Hospital Corpsman 1st Class Steve Marsh, (left) checks over the uniform inventory with Hospital Corpsman Chief William Montague in the uniform shop of the Charles C. Carson Center for Mortuary Affairs. Both are enlisted morticians in the Navy. Marsh was here on a 30-day assignment from Quantico, Va. Montague is assigned to the mortuary as a liaison. (U.S. Air Force photo)
DOVER AIR FORCE BASE, Del. —
Navy morticians belong to a career field so small, most people don't even know it exists. Yet the job they do - providing dignity, honor and respect for fallen servicemembers - is important, especially for the families of those fallen.
Hospital Corpsman Chief William Montague, one of just 15 enlisted morticians in the Navy, is assigned to Air Force Mortuary Affairs Operation Center at Dover Air Force Base, Del., where his job is to assist families of fallen Navy or Marine Corps servicemembers.
"Our primary goal is to make sure the families know we care about them. We want them to know it's an honor to do whatever we can do to help them," he said. "I feel that I am really having an impact, that I'm really helping families and providing dignity to the fallen."
Hospital Corpsman 2nd Class Jennifer Howell recently joined Montague at AFMAO to serve a 4-year controlled tour.
"I passed through AFMAO back in 2006 for a brief period and my experience was completely overpowering," said Howell. "I could not pass up the chance to come back and serve at AFMAO. The mission here is difficult but the most satisfying I've had in my history of funeral and Naval service. The care and respect given to the heroes that pass through this facility is beyond belief."
In addition to being licensed embalmers, all Navy morticians are also licensed funeral directors. This gives them the knowledge and expertise to provide detailed answers to families.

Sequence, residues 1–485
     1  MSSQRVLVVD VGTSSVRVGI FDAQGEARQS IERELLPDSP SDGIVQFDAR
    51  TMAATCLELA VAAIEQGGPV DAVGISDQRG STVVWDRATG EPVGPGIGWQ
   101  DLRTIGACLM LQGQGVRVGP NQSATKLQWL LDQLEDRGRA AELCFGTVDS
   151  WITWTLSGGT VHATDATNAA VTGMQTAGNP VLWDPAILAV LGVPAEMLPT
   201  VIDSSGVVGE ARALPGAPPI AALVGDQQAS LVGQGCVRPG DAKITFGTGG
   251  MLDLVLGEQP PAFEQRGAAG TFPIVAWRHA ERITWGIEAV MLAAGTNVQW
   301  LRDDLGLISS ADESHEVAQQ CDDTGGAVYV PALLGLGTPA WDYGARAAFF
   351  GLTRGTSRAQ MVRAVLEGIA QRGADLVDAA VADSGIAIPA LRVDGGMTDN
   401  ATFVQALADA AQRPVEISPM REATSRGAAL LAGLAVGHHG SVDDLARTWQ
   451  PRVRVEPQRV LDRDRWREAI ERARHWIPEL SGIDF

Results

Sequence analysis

"We ensure they understand what benefits are provided and what's available to them," said Montague, who has served for 18 years and is the Navy's senior mortician. "We don't try to dictate anything to them, but want to give them all the necessary information so they can make the choices that are best for them."
Navy Morticians are able to tie together the experience of civilian funeral service, the dignity of military tradition and complex military rules and regulations to make bringing our fallen back home as smooth as possible for our families, added Howell.
Although the morticians' primary responsibility is to help the families, they are also responsible for the servicemembers' remains. They help with embalming, they help with getting the final uniform ready and they are liaisons with funeral homes. They also have administrative responsibilities, like making sure expenses are paid.
The Navy doesn't have a training program for those wanting to pursue a career in mortuary affairs. Instead, it recruits licensed and experienced morticians. Montague graduated from a mortuary college in 1984 and received a Texas funeral license. He then worked at a funeral home for eight years before enlisting in the Navy in 1992.
Howell took a different route. In 1993, she enlisted in the Navy and worked in the medical career field as a corpsman. She separated from active duty to become a funeral director before reenlisting in 2006 as a Navy mortician.
"After a 5-year tour in the Navy, I got out to go to The Pittsburgh Institute of Mortuary Science," she said.
Howell received her license in Pennsylvania where she worked at two large funeral homes for eight years in the Pittsburgh area as a funeral director and embalmer.
"Funeral service and embalming is a great mixture of Science, Art and Service to Human Emotion - combined with the honor of the military," said Howell. "It makes the career choice perfect."
There are seven potential assignments for Navy morticians: Millington, Tenn., Quantico, Dover, Hawaii, Guam, Spain or Italy. Assignments are typically six years for a stateside assignment and three years for an overseas assignment. With just 15 positions, the competition for spots is fierce and there isn't much turnover.
Montague said he has enjoyed his career and wouldn't trade it for anything.
"These men and woman have paid the ultimate sacrifice," he said. "I take pride and honor in being able to give them respect and to help their families any way I can."
Howell also believes she made the right career choice. The best part she said is, "the honor of being able to do a job that I love for Sailors and Marines who are giving their lives to defend our nation. We are Sailors, Corpsman and Morticians - we are proud to serve."
(Kendahl Johnson contributed to this article)